Kinematic variables


The key idea in describing motion is where and when. If we set up a coordinate system to be able to describe position and can specify position with a vector, then all we have to do to describe motion is tell where something is (its position) as a function of when we are looking at it (the time).  We write this in 2D with a vector where both the vector and the specifying position coordinates depend on (are functions of) the time. We write it this way:

$$\overrightarrow{r} = x(t)\hat{i} + y(t)\hat{j}$$

This gives us the value of the position.  We now have to explore how it changes and at what rate it changes. 

The position, change in the position, and the various rates of change of position (its derivatives) are referred to as kinematic variables, since "kinematics" means "the study of motion", from the Greek word for movement, kinesis.


The basic concept is the change of position.  This is referred to as a displacement. As usual, we will write a change in a quantity with the change marker Δ.  Thus, the displacement an object undergoes from time t1 to time t2 is given by $\Delta\overrightarrow{r} = \overrightarrow{r}(t_2) - \overrightarrow{r}(t_1)$ . 

If this is written out in terms of coordinates and regrouped, we can see how this is represented in terms of x and y coordinates:

$$\Delta\overrightarrow{r} = \overrightarrow{r}(t_2) - \overrightarrow{r}(t_1)$$

$$\Delta(x\hat{i} + y\hat{j}) = (x(t_2)\hat{i} + y(t_2)\hat{j}) - (x(t_1)\hat{i} + y(t_1))\hat{j}$$

$$(\Delta x)\hat{i} + (\Delta y)\hat{j} = (x(t_2) - x(t_1))\hat{i} - (y(t_2) -y(t_1))\hat{j}$$

Since the $\hat{i}$ and the j$\hat{j}$ point in different directions, if we have an equation with both i's and j's in it, the coefficients of the i's have to be equal and the coefficients of the j's have to be equal.  A displacement in the x direction can never cancel a displacement in the y direction.  So we can conclude that the things multiplying the i must be equal and the things multiplying the j must be equal:

$$\Delta x = x(t_2) - x(t_1)$$

$$\Delta y = y(t_2) - y(t_1)$$

This kind of algebraic re-grouping is extremely valuable in physics.  The reason we rearrange is that in the different arrangements we are focusing on different ways of identifying what the physical meaning is.  When we write it in terms of the entire vector, we are thinking about the shift from the initial position to the final.  When we break it up in terms of coordinates, we are focusing on how each coordinate changes.  Of course the result of the total displacement will be the same, but the coordinate analysis gives us an additional understanding of the structure.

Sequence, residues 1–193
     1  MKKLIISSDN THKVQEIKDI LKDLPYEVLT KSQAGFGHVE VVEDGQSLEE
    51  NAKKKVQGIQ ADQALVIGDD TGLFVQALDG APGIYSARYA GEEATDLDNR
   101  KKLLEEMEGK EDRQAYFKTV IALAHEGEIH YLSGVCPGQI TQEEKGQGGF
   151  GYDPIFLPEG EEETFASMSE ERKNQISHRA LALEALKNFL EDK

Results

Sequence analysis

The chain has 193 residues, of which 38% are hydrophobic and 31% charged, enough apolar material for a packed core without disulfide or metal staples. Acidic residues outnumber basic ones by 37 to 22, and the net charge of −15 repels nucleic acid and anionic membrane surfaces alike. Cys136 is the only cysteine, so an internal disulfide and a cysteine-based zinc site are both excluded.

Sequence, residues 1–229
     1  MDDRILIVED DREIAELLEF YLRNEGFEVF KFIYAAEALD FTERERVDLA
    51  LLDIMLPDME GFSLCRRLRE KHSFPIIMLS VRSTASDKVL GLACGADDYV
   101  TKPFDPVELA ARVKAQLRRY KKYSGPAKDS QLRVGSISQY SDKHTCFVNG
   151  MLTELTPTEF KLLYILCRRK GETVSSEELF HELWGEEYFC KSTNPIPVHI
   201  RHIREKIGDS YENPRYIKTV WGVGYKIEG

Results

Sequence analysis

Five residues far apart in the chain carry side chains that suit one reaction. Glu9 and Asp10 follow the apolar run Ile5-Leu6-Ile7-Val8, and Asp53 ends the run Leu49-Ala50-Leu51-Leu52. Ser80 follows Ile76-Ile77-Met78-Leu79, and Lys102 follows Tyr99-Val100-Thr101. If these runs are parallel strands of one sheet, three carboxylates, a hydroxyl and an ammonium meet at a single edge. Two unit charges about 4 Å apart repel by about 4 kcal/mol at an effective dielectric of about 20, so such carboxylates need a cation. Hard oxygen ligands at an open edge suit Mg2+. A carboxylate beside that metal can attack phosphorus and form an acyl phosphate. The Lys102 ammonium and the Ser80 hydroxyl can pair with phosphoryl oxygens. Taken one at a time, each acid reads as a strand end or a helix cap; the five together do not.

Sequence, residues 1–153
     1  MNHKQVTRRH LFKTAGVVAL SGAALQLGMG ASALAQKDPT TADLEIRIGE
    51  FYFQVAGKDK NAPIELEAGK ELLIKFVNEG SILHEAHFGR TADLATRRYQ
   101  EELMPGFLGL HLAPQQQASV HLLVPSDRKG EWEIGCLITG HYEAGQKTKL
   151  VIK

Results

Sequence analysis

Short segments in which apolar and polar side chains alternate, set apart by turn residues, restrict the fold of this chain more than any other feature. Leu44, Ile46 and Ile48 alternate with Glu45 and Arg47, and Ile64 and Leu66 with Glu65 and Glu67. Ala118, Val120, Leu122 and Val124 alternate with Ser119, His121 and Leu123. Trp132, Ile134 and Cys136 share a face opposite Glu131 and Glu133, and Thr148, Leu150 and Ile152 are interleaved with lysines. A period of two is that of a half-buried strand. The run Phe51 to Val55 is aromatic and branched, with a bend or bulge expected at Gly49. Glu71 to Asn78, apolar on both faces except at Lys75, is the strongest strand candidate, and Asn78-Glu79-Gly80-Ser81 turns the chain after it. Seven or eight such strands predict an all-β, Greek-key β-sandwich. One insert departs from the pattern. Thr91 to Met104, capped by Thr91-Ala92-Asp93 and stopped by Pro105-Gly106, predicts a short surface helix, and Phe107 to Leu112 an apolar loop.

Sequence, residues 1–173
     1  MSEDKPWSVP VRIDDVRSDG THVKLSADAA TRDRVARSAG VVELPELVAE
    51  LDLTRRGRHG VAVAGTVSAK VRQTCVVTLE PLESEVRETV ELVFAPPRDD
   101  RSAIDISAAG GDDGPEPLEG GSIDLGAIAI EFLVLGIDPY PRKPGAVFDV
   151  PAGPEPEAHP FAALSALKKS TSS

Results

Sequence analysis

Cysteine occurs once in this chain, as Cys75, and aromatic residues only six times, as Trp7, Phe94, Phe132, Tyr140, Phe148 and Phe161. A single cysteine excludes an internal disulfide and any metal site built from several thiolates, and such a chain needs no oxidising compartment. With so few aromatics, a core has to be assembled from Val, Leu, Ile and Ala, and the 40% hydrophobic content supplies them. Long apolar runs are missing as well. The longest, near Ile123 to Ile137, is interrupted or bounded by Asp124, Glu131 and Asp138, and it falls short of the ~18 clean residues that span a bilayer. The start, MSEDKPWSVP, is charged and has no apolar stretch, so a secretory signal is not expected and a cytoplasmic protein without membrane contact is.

Note that the position vector can be thought of as the displacement with respect to the reference point (origin) of the coordinate system.  But since we can't specify a position without an origin or reference point, we tend to talk about "position" and "displacement" differently.


Now we can look at how fast the change occurs.  Dividing a displacement by the time it takes to make that displacement tells us not just a change, but a rate of change. That's much more useful. How fast you're traveling from here to there can make the difference whether you come late for the concert or maybe miss it entirely. The rate at which a chemical reaction takes place can make the difference whether a cell lives or dies.

The rate of change of position is called the velocity. There are some tricky aspects of thinking about velocity, so read the follow-on page giving the details.


Once we have a changing position we can get the velocity.  But the velocity may now change, so we can look at the rate of change of the velocity. This is called the acceleration. This turns out to be of immense importance in physics because of the principle that relates motion to the factors that result in changes in an object's motion -- the forces.  Acceleration also is tricky to think about.  While we naturally see velocity, seeing acceleration in a motion takes some attention -- and some analysis.  Read the follow-on page giving the details.

Jerk and higher rates of change

Of course if the position is changing and the velocity is changing, the acceleration could be changing as well.  The rate of change of acceleration is called the jerk. (Really!)  We could go to even higher derivatives, but it's been found to be rarely necessary in describing motion.  An interesting example is in thinking about the spinning earth. This involves the analysis of circular motion, so read about that before trying the problem, "I felt the earth move".

Workout: Kinematic variables


Article 307
Last Modified: July 12, 2019